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Argentina: San Juan lost 328% of acres of garlic in five years

In the last five years, San Juan, which in 2008 had 3000 hectares of garlic planted, has gradually been losing its garlic crops and now barely has 700 hectares distributed in the departments, i.e. 328% less, according to the producers. They claimed that this is due to the product's lack of profitability.

Bruno Perin, who was president of the Garlic Chamber for many years, said that, even though there was no agricultural survey this year, producers estimated that there were about 700 hectares in the province. "We still have customers, but we lack profitability, we can not sow and we are losing international quotas that were hard to get. Last year, we lost $14 million dollars because we had no garlic to sell," said Perin.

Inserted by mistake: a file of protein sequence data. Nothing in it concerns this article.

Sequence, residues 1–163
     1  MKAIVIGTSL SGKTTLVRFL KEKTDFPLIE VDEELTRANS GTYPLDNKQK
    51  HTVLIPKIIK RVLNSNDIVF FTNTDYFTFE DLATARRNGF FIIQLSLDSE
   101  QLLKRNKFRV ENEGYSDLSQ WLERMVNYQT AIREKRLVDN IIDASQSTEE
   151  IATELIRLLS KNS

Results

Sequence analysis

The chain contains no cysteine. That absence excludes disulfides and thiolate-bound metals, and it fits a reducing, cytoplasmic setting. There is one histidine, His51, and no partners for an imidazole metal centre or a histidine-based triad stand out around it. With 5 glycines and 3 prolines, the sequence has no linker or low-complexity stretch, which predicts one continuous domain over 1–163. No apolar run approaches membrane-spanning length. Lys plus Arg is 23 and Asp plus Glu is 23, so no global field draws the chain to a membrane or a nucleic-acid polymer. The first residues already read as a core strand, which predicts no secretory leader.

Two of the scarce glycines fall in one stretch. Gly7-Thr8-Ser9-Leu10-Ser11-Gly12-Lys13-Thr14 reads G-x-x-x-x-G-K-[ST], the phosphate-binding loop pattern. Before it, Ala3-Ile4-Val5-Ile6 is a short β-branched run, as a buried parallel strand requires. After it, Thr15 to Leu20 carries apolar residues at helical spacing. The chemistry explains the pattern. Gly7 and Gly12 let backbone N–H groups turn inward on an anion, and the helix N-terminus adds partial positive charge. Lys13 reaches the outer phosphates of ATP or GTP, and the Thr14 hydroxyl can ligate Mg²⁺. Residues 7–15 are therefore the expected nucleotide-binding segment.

The producers decide to stop planting or to plant fewer acres because of the same issues: the internal cost inflation, the situation of the dollar and the difference between the official rate and the parallel one, among others. "Our costs have increased but not our profitability. Currently, people who are cultivating are losing money, but that's part of the producer's spirit: you always have high hopes that next year will be better," said the producer.

In Calingasta
The decline is also large in Calingasta, which had become the Mecca of white garlic for export. "It is currently at the lowest level it's been since we've been here, we have about 250-300 acres, tops," he said.

"Less than 300 acres of garlic were planted in Calingasta when there used to be more than 800," said a producer. "No one can invest to sell a product at $10 to have 5% deducted once sold."

Calingasta grows 12 tonnes of garlic per hectare, a number that varies according to the treatment applied by the producer. This production is intended entirely for export.


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